Hanauma Bay is a volcanic crater on the coast of Oahu. A section of the outer wall has collapsed and opened to the sea, creating a lagoon that is perfect for coral growth and snorkeling. Protected as a marine park since 1967, it houses a dense assemblage of fearless tropicals. A fish population study found that the greatest biomass belongs to the spectacled parrotfish, a stunningly beautiful, psychedelically patterned fish found only in Hawaiian waters.
|Cage snorkeling with Galapagos sharks off Oahu.|
Molokini Crater, just off Maui, has one side of its rim jutting into the air, while the other rim has crumbled away, giving dive boats easy access to the interior. The "back side" of Molokini is one of the world's premier wall dives, with the outside wall dropping from 200 feet above sea level to 200 feet beneath water that is so clear you can sometimes see nearly all the way to the bottom. The inside of Molokini is one of the world's great shallow reef dives.
Lehua Rock, just off of the "Forbidden Island" of Niihau, beyond Kauai, is built like a miniature Molokini--one side of the crater above water and one side below. The diving around Lehua features several pinnacles and a sheer wall with a "keyhole" passageway. Lehua Rock is the only place in the world where sport divers have an excellent chance of encountering the Hawaiian monk seal, a highly endangered species found only in Hawaii.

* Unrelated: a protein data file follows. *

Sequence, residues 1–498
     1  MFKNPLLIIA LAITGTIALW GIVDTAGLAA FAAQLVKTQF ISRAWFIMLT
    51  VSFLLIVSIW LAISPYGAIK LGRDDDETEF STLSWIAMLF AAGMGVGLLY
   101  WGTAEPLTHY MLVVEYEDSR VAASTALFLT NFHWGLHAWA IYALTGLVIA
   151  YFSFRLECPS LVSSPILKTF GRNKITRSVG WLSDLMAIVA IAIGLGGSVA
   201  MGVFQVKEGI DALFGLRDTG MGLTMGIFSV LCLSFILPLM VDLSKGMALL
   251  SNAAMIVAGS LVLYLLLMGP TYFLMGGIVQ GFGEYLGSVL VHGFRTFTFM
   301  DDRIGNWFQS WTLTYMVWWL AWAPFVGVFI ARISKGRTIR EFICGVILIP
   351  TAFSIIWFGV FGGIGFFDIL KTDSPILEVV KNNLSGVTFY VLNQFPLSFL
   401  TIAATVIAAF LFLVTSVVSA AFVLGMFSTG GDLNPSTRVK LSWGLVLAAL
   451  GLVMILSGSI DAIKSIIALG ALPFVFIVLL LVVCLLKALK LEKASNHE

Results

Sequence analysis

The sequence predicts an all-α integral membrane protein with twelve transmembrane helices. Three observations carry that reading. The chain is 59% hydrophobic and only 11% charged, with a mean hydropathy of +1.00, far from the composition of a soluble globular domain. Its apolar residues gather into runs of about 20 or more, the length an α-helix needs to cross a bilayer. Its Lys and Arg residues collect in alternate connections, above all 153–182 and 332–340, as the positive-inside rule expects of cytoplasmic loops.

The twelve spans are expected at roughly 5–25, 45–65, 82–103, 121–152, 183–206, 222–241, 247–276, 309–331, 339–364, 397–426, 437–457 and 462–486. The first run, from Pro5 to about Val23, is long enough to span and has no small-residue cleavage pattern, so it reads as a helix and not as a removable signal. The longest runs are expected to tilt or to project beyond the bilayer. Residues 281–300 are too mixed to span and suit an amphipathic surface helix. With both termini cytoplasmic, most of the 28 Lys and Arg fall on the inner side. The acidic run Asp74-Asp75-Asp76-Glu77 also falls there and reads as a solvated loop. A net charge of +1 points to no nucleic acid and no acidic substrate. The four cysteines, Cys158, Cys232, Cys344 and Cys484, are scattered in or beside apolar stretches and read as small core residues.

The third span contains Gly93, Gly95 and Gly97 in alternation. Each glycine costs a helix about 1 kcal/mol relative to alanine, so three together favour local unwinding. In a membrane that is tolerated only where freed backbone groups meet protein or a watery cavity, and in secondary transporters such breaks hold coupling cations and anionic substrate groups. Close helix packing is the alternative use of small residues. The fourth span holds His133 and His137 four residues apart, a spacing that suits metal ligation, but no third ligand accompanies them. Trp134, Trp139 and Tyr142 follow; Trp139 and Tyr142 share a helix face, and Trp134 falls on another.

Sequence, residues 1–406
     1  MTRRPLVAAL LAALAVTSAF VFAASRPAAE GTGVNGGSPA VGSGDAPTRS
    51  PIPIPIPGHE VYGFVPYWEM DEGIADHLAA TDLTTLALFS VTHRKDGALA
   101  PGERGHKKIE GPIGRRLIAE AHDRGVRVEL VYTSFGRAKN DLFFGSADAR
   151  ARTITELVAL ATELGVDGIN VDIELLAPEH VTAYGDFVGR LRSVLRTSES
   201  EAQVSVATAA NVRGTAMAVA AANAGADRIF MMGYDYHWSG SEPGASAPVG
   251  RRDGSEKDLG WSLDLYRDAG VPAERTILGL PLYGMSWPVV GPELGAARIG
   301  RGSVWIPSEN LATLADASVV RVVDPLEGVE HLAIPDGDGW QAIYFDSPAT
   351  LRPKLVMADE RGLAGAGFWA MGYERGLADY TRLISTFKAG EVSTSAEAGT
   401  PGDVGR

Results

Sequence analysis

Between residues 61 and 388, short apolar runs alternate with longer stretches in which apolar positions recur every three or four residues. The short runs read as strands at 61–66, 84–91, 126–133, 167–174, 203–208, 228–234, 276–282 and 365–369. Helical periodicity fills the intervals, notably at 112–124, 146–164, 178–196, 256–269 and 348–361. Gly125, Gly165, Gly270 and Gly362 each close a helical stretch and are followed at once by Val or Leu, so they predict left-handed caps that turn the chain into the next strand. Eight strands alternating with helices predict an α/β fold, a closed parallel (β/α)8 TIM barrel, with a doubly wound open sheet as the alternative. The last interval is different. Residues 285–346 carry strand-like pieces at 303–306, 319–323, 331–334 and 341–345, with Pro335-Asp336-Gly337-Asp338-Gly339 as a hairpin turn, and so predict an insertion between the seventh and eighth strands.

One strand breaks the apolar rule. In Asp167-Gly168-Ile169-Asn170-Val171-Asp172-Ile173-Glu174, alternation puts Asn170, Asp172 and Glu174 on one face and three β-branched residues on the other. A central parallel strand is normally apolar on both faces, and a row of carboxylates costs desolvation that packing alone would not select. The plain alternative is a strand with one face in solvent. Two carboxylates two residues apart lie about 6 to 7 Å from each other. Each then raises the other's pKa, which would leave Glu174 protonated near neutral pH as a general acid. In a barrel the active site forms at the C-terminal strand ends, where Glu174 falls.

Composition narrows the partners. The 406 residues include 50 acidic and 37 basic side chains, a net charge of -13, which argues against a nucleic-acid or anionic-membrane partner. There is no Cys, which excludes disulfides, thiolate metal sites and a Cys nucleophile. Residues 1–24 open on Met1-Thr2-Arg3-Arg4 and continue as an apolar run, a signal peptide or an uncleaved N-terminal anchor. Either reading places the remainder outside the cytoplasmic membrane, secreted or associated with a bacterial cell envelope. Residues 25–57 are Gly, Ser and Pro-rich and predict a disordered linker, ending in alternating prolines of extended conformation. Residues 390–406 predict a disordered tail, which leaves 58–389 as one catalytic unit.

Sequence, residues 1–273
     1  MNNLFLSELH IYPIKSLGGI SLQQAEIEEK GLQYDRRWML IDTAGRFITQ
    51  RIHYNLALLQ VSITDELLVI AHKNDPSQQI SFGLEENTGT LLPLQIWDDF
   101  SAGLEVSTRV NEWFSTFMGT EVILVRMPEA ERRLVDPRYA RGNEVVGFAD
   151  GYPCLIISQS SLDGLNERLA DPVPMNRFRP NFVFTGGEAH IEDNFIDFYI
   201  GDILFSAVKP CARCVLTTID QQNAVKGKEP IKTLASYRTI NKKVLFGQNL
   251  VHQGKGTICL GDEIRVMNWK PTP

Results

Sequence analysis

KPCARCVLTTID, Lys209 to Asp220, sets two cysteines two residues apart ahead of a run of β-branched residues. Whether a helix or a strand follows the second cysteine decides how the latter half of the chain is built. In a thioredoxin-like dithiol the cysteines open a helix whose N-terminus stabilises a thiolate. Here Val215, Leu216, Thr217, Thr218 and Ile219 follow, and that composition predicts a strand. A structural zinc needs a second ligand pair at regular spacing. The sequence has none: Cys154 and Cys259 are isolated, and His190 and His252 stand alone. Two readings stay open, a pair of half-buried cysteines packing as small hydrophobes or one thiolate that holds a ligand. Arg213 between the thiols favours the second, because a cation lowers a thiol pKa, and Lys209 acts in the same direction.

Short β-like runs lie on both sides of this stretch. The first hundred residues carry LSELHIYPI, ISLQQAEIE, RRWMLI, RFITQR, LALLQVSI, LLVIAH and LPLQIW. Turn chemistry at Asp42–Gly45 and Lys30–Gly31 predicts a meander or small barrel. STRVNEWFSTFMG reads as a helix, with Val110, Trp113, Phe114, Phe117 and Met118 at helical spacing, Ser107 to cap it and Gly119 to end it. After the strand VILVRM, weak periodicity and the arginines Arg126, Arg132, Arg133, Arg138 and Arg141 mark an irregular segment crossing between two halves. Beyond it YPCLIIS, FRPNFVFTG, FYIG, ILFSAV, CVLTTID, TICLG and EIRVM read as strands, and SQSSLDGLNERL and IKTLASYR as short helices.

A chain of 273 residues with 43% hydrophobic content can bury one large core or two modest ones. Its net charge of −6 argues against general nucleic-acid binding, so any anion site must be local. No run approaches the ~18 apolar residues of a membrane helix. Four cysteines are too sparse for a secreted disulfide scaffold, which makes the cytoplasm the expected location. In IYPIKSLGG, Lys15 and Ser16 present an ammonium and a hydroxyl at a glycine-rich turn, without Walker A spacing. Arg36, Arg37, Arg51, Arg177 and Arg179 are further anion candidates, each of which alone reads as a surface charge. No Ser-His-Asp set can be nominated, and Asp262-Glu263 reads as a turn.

Lava tubes and arches are common off the coast of every Hawaiian island. One part of the Kona Coast is known as Golden Arches for the numerous arches lined on the underside with orange cup corals. The cup corals usually open at night, but I once dived an arch on Kauai where the cup corals were extended by day, creating a golden floral portico that framed a school of brilliant yellow blue-lined snappers.
A number of lava tubes extend right up to the shoreline, or even continue underneath it. At Honaunau on the Big Island, The Crack ends in a skylight opening onshore, 40 yards from the water's edge. Divers can walk right to the opening, step down to a natural rock bench to gear up, slip into the water and swim out to the ocean through a tunnel illuminated by skylights.
Large lava tubes are often called caves, but most are really caverns, because light from the entrance is always visible. Oahu has The Cave, while the Big Island has Three Caves, and Maui has Five Caves, where turtles and sharks (reef whitetips) can often be found sleeping together. The Caverns on Kauai has more chambers than I could count, many of them with sleeping turtles. The Cathedral on Lanai is a similar multichambered complex.
2) Turtle Cleaning Stations